Article by Abby Twyman, M.Ed., BCBA
We’re half way through 2012 and it’s almost time for a new school year. Can you believe it? I know I can’t. I wanted to end this month, which is “Freedom from Fear of Speaking Month”, with a message to parents and professionals about speaking up and speaking out. There have been many times in my career, and in my life, when I’ve thought something was not quite right but I was afraid to say something to address the problem. Why? Fear was probably number one on the list of reasons why not to speak up. The problem is, however, that problems never got solved because I never got up the guts to speak up and speak out.
Anyone who knows me personally knows I no longer have this problem. If I see something wrong, I say something. Simple as that. What I’ve learned to do, and my advice to everyone out there in the Autism Community, is to not just bring up the problem but to actually think critically about what could be done to solve the problem. When I follow a few simple guidelines before bringing up an issue, I’m much more prepared for the conversation that will follow and problems tend to get solved much faster. Here are the steps I follow:
1. Identify the problem: These are the specifics of the problem (who, what, when, where, how often, etc.) which will help people understand clearly the problem you’re talking about.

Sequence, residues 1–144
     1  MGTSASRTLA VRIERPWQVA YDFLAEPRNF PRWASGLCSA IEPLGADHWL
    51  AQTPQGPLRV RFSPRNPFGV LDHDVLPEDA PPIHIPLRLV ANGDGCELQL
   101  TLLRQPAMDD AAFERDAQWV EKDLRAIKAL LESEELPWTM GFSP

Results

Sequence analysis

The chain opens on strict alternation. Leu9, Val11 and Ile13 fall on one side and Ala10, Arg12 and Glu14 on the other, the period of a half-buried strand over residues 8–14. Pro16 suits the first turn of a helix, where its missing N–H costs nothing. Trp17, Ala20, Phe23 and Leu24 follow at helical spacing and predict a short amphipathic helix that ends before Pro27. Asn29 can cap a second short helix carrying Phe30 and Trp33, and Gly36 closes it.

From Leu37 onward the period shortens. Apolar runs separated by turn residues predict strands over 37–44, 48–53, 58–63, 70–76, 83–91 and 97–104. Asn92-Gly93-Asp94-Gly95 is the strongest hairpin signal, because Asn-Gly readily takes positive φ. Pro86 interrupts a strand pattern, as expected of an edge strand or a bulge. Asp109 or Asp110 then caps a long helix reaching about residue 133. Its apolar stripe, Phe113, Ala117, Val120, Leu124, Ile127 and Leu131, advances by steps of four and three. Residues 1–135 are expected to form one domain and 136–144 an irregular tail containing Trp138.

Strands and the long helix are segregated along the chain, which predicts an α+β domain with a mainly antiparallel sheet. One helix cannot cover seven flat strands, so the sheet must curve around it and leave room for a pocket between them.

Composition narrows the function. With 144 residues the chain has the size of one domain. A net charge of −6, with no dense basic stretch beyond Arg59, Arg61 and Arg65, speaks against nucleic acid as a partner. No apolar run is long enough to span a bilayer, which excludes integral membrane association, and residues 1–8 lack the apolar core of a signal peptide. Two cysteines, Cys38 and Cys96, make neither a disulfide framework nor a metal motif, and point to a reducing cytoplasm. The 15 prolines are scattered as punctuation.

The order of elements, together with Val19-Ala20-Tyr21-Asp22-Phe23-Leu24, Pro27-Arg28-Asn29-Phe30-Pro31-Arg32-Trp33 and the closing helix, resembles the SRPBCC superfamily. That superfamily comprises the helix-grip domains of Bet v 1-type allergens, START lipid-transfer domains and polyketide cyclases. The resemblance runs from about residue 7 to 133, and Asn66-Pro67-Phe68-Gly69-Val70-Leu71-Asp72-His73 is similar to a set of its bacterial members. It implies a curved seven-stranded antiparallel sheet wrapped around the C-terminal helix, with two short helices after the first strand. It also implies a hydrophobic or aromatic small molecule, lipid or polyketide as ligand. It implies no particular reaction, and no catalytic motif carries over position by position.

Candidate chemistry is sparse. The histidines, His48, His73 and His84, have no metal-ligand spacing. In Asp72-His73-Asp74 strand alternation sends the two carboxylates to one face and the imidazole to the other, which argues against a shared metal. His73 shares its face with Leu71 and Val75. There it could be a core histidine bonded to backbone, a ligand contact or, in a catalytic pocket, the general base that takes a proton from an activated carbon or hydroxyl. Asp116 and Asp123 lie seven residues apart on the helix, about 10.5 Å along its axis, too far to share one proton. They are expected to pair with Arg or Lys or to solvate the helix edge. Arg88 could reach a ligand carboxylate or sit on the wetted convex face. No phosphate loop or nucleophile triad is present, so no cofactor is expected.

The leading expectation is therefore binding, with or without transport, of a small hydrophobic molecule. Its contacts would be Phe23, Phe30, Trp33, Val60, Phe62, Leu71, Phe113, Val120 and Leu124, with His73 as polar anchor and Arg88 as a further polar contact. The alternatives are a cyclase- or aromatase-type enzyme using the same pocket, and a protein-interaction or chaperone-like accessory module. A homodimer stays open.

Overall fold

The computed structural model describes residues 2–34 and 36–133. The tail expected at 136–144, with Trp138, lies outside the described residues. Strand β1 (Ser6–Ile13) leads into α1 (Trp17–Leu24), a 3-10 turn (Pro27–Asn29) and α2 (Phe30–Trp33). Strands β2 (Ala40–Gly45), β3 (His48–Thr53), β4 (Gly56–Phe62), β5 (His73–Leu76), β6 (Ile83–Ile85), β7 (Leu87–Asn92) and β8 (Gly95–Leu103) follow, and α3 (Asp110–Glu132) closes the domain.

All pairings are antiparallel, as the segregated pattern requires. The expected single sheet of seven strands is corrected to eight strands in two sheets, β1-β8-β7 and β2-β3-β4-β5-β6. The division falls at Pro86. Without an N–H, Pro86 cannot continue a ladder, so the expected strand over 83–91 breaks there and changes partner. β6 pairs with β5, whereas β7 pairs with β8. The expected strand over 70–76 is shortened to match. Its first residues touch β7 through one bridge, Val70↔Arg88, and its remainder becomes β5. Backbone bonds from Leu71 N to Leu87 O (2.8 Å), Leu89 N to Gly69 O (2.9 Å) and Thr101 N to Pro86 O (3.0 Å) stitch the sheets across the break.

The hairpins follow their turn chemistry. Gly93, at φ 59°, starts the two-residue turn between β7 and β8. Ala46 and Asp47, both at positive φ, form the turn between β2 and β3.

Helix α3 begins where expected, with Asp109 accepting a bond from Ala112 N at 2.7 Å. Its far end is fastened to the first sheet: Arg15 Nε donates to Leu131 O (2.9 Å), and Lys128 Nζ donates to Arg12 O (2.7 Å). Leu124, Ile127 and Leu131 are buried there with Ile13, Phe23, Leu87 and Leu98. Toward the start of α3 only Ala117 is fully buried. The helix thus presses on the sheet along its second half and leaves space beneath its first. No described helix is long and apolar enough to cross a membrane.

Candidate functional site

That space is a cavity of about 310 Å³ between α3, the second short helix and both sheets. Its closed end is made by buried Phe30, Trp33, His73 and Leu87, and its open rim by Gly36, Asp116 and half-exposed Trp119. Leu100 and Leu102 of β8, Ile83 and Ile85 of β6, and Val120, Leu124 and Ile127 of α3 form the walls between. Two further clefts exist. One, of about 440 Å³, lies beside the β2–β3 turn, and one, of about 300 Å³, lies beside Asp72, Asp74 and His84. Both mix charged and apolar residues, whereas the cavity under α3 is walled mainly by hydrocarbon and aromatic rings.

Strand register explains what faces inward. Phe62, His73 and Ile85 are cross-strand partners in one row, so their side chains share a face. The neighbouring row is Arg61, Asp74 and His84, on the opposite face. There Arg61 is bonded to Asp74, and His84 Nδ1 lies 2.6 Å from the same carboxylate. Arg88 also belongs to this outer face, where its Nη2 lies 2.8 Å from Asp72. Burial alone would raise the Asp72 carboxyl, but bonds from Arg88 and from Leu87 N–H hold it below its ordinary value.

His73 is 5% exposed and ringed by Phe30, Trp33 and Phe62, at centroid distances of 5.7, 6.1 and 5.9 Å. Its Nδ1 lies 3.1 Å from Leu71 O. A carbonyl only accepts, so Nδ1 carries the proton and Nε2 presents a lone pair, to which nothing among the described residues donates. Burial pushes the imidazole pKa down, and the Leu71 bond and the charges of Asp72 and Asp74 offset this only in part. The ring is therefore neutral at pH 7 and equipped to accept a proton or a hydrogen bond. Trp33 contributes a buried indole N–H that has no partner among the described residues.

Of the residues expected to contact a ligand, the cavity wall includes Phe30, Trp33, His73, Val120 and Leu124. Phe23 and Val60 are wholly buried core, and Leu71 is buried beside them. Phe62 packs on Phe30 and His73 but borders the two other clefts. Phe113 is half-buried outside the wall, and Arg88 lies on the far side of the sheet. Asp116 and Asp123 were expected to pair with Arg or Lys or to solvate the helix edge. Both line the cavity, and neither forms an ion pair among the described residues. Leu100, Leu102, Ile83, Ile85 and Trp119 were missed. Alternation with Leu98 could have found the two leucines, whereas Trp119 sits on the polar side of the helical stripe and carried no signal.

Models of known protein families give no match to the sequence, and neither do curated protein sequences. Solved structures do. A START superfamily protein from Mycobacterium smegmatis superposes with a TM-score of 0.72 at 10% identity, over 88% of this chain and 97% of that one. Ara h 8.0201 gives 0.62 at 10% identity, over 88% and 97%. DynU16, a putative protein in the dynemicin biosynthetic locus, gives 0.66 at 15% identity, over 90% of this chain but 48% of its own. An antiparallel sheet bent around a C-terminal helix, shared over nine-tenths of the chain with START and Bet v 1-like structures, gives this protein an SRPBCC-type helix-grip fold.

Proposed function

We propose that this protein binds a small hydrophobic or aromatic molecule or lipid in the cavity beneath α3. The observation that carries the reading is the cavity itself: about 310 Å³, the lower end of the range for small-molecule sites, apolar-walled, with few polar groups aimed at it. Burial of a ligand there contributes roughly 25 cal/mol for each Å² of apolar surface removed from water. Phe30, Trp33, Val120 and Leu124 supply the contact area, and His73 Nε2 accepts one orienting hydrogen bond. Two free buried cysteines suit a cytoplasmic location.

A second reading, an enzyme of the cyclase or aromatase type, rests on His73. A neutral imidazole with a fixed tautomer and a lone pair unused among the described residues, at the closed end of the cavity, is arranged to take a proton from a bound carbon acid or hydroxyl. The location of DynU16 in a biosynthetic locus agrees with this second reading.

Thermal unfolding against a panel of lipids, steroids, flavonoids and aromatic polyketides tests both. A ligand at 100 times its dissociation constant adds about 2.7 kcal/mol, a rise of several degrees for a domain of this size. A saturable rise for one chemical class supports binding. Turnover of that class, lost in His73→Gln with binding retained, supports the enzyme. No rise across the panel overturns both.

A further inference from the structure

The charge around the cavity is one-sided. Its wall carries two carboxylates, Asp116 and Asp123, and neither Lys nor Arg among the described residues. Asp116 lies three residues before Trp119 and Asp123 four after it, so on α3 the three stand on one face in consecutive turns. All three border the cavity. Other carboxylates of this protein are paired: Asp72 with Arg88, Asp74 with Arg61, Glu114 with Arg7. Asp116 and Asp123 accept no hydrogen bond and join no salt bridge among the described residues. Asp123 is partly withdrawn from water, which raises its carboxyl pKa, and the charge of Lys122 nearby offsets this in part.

2. Identify what is causing the problem: This is the reason the problem is occurring (why). You may not have enough information to determine exactly why a problem is occurring, but you can probably make a guess.
3. Identify what SHOULD be happening: This is the goal. Instead of the problem, what would you like to see happening?
4. Identify potential solutions: This is your action plan. What steps could be taken to reach the goal?
5. Identify potential barriers: What are the variables which may impede reaching the goal?
After you have all this information prepared, you’ll be ready to sit down with your team and have a conversation about the problem. Rather than just talking about the problems, though, you’ll have ideas for how to solve the problem which should direct the conversation toward a group decision much more quickly.
So to all the parents and professionals out there, please take this piece of advice to heart and use it this school year. There are many problems that can be solved if we all speak up and speak out and work together to come up with a solution. The worst thing a team can do it stop talking about what each team member sees as important or as a problem. If we stop working together, the students are the ones that suffer.
- Challenge your fears. What is the worst that could happen? Usually, we let our fears grow from mole-hills to mountains. Keep your perspective.
- You don’t have to be perfect. You just need to be able to deliver your message. Preparation and rehearsal will help to smooth out your delivery.
- Keep your message to a few key points. This is where a lot of pressure comes from. We want to share all of our information, but our audience doesn’t need to be overloaded. A few key points with relevant examples and stories go a lot further than oodles of facts and statistics.